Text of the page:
Mersın Carrot and Coconut Balls

Cezerye

Every city in Turkey makes a sweet they claim is ‘a natural Viagra’. Cezerye (pronounced ‘jez-air-yeh’) is the natural Viagra of Mersin on the southeast coast. It was once the ancient Greek city of Zephyrion, and now it’s Turkey’s largest port.

I have no evidence to support the alleged aphrodisiac value of carrots, but you could say that this is one of the healthier deserts you can consume from the region of excessive sugar and butter. I confess I have added turmeric mainly for visual impact, because carrots outside of Turkey have a less vivid colour—and presumably less potency.

Ingredients

  • 75 g (2⅔ oz/½ cup) hazelnuts
  • 4 carrots
  • 1 teaspoon honey
  • 1 tablespoon cornflour (cornstarch)
  • 110 g ( oz/½ cup) sugar
  • 4 cloves
  • 1 teaspoon ground cinnamon
  • ½ teaspoon allspice
  • ½ teaspoon ground ginger
  • ½ teaspoon turmeric
  • 30 g (1 oz/½ cup) flaked coconut

Method

Preheat the oven to 180°C (350°F/Gas 4).

Place the hazelnuts on a baking tray and bake for 5 minutes. Remove the tray and set aside to cool, then rub off the skins using your fingertips. Put the nuts in a food processor and coarsely grind.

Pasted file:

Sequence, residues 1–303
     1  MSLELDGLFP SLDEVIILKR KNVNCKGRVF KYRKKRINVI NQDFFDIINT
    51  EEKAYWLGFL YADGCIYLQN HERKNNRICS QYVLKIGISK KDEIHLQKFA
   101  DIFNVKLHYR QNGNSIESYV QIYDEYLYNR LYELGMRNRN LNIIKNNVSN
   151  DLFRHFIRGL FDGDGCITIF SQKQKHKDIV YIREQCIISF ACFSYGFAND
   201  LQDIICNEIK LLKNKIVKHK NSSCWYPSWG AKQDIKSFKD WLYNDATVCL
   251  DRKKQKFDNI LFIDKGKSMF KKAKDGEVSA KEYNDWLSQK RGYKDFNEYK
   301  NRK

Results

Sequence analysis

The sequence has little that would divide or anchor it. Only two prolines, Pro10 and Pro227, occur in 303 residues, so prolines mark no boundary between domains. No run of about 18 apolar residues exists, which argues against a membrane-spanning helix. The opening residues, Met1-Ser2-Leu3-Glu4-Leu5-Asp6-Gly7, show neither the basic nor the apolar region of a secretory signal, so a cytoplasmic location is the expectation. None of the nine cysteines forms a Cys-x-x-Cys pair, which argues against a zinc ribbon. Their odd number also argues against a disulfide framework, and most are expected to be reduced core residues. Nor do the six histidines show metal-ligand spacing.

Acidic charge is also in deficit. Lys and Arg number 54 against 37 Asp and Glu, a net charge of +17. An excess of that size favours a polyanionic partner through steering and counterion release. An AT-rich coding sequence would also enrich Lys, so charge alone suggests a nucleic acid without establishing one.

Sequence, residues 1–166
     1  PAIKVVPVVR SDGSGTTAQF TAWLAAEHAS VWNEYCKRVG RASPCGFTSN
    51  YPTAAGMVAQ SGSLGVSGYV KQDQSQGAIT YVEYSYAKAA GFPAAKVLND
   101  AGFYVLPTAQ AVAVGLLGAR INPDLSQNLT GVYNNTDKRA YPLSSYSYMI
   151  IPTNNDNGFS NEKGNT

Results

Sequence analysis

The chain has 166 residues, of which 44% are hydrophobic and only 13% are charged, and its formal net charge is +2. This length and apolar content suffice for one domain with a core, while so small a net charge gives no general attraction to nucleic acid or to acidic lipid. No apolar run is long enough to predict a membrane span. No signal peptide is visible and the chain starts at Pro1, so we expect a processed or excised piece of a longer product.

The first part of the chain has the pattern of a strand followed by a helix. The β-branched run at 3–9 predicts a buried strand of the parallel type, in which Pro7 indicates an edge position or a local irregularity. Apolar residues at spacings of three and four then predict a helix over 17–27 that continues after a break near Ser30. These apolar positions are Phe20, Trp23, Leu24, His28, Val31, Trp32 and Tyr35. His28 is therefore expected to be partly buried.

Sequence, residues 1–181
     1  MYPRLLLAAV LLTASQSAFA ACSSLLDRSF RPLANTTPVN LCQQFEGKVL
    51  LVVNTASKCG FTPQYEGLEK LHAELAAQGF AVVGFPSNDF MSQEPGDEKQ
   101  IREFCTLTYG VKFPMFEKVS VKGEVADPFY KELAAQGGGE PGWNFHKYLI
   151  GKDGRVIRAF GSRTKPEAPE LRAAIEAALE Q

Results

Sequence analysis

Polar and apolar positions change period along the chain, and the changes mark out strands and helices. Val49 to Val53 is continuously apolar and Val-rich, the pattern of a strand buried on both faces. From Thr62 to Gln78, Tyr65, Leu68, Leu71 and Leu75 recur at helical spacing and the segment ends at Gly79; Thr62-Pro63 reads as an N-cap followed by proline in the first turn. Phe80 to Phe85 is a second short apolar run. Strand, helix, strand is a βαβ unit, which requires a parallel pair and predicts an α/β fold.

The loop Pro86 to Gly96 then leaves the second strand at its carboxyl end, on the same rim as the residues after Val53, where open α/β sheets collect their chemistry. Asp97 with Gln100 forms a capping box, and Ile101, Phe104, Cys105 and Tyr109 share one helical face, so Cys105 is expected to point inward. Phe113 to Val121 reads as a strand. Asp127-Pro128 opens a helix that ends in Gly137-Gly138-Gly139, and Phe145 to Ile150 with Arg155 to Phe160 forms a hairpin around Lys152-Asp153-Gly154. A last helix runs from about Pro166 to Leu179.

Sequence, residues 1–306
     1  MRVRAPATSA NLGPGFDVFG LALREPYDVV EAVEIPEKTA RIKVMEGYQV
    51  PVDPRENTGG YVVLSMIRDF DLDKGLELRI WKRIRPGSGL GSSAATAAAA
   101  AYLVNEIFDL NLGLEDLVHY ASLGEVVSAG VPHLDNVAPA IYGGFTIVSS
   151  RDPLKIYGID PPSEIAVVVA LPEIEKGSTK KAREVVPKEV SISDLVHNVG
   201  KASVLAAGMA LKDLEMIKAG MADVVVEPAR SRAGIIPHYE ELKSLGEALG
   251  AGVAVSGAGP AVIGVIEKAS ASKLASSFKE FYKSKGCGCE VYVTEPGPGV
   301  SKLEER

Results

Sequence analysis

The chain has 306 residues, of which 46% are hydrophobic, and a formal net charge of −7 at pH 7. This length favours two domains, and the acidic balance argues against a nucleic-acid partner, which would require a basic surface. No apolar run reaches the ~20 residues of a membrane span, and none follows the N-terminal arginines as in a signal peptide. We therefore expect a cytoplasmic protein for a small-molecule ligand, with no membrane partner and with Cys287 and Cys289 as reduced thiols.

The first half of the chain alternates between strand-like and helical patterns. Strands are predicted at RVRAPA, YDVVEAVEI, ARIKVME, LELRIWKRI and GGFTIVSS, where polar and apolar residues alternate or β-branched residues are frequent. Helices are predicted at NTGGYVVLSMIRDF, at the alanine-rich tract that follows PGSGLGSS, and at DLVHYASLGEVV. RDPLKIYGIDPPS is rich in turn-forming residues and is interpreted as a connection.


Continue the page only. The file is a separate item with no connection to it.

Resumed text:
Put the carrots and 250 ml (9 fl oz/1 cup) of water in a saucepan over high heat and boil for 10 minutes. Put 2 tablespoons of the boiling water in a bowl with the honey and cornflour and stir to combine.

Strain the carrots and then transfer to a blender. Add the sugar and blend into a purée. Put the carrot purée back in the pan over low heat and stir in the spices. Add the honey and cornflour mixture and then simmer for 10 minutes, stirring constantly. Remove the pan from the heat and discard the cloves. Add the hazelnuts and then leave to cool to room temperature.

Using a teaspoon, shape the mixture into small walnut-sized balls. It should make about twenty balls. Spread the coconut flakes on a tray and then roll the balls in the coconut to evenly coat. Put the tray in the fridge and leave until you are ready to serve.

Put the cezerye on a plate (with toothpicks, if you like, so that people don’t have to use their fingers) and serve.